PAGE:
Tuesday, 2 June 2015

Hurricane, Crescent and Forks

Location: Forks, WA 98331, USA

Whilst making dinner and enjoying our wee campfire a couple walked past and asked if we'd brought the wood with us on our bikes or if people had been around selling it. We explained that actually it had just been left on our site.  Later on we were chatting to them again as we washed up and I made them an offer. If they would let us leave our gear with them the next day so we could ride up Hurricane Ridge unloaded, then they could have the 7 logs we had left so they could have a fire. They kindly accepted, picked up the logs and we wished them goodnight. The next morning we hauled our bags to their site and set off up the hill.  It was nice climbing unladen and we made good progress up the ascent reaching the top earlier than we'd anticipated.  The views across to the mountains are beautiful, my photos don't do it justice at all.  You can see two glaciers up by Mount Olympus, they have a sign telling you how much they've receded in the last few decades, its scary and depressing, especially as they've had so little snow this year that its only going to get worse.  We had a snack, enjoying the views over the Olympic Mountains and then watched the park service film.  Well in all honesty we watched the first 10 minutes and then the cosy darkness of the theatre worked its magic and we both dozed through the rest of it.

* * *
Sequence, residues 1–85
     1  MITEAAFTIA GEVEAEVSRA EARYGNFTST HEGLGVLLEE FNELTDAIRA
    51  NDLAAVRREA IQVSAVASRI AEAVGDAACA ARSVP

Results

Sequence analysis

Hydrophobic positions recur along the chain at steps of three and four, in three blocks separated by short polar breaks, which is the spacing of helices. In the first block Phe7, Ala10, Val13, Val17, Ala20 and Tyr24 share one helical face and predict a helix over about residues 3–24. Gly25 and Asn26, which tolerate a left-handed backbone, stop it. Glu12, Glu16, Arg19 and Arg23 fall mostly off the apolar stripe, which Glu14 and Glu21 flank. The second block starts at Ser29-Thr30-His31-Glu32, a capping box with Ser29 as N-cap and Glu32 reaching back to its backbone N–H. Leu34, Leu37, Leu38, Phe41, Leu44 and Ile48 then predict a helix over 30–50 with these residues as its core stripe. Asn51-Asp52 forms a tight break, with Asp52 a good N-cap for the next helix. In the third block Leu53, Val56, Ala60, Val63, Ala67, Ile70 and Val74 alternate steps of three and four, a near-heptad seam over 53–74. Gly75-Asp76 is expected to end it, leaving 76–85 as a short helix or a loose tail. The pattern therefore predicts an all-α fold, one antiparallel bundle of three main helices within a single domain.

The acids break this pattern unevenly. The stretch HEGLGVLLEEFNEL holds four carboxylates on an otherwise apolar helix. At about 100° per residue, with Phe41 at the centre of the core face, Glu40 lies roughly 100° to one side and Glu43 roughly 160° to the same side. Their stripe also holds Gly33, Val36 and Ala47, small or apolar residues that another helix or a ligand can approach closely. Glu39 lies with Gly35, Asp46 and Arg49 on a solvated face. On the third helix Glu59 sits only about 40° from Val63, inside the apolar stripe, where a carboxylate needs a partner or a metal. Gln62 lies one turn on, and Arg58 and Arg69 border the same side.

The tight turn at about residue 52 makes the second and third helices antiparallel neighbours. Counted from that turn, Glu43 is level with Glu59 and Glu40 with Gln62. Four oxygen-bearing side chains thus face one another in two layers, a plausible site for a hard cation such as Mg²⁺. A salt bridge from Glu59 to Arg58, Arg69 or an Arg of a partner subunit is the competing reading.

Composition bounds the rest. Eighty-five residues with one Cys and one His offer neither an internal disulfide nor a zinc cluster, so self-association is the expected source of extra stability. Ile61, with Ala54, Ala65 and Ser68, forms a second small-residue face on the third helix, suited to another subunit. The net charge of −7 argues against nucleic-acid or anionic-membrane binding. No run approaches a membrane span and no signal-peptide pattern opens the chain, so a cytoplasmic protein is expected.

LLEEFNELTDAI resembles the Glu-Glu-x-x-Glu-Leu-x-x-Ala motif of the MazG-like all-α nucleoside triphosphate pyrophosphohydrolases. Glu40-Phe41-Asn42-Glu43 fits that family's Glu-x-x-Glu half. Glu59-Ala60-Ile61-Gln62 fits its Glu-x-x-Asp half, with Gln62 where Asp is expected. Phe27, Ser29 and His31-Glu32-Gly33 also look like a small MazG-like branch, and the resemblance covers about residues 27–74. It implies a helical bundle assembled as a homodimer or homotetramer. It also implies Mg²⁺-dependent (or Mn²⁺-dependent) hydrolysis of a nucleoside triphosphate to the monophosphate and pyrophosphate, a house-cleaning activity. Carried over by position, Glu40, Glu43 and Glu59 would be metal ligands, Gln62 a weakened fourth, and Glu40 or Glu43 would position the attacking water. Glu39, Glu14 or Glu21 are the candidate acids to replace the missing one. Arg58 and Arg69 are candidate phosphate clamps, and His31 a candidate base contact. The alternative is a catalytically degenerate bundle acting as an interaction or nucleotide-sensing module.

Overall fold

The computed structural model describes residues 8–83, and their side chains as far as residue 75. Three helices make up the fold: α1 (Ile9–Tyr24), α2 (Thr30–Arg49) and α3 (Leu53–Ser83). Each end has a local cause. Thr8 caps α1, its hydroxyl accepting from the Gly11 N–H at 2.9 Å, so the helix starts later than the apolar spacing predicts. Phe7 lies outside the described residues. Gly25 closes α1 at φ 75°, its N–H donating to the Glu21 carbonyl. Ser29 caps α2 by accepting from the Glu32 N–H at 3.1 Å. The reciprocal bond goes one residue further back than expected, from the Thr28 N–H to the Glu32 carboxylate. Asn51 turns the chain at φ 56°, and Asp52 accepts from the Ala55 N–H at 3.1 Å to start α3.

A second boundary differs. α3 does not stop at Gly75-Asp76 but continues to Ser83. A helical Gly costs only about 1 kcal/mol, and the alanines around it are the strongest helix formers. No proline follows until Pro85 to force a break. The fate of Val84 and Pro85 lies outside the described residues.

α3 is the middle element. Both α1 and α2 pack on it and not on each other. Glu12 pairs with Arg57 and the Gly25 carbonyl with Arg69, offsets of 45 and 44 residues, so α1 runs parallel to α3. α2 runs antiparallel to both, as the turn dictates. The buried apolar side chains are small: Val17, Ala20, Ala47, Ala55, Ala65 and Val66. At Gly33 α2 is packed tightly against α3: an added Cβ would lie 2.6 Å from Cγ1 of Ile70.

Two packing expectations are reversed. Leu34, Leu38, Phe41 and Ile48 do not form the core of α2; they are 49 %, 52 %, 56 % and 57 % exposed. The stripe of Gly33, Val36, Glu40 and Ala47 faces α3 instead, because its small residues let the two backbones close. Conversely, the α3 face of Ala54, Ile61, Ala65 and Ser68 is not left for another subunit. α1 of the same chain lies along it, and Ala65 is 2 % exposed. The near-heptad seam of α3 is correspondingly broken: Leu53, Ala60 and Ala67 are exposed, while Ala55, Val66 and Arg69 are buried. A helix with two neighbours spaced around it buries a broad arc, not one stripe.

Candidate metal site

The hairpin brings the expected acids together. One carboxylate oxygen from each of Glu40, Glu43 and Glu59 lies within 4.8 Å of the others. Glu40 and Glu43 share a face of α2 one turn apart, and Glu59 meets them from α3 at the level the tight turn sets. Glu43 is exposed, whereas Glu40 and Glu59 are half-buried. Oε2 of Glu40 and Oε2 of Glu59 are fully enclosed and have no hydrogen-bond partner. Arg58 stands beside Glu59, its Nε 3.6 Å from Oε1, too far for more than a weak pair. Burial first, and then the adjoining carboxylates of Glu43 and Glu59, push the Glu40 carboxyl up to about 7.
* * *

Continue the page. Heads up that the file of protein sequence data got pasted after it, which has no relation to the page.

The ride back down took about 30 minutes including stops for views and photos so we were easily back for lunch. The couple invited is us to make use of their table and talk with them while we had our lunch.  It was then that we had realised we'd not even introduced ourselves yet!  We had a lovely time chatting with Peter and Irene, exchanging stories of travels and laughing a lot.  They then made some joke about reimbursing the Queen for lost income from America becoming independent and pushed a bunch of notes at us.  The outer one was a $20 so it was no small sum and we repeatedly refused, but Irene welled up explaining that they felt like we were continuing their adventures and that though they were in too ill health to do anything too wild these days they loved the fact there was young people, like us, choosing to get out and see the world, choosing experience over stuff.  We were really quite overwhelmed by this.  We've had a few people say that we're inspiring to them or such like, but I didn't really comprehend that us having such an amazing time would actually affect people in any really meaningful or deep way.  Its a funny thing, we've both felt like the experience so far, the incredible kindness we've been shown by so many, has made us vow to be more generous, hospitable people when we get home (wherever that ends up being), but I also now feel this responsibility that we need to be the best people we can be right now.  We can't put off being kind to when we get home, we need to live up to the expectations of these amazing people now.  And we need to stay mindful of how lucky we are, be more adventurous and squeeze every last drop of joy out of each day.  Its not expectation in an onerous, obliged sort of way, but an inspiring, being held-to-a-high-standard sort of way.  I feel like ambassadors for cycle touring and I am really keen to leave the best impression we can on everyone we meet.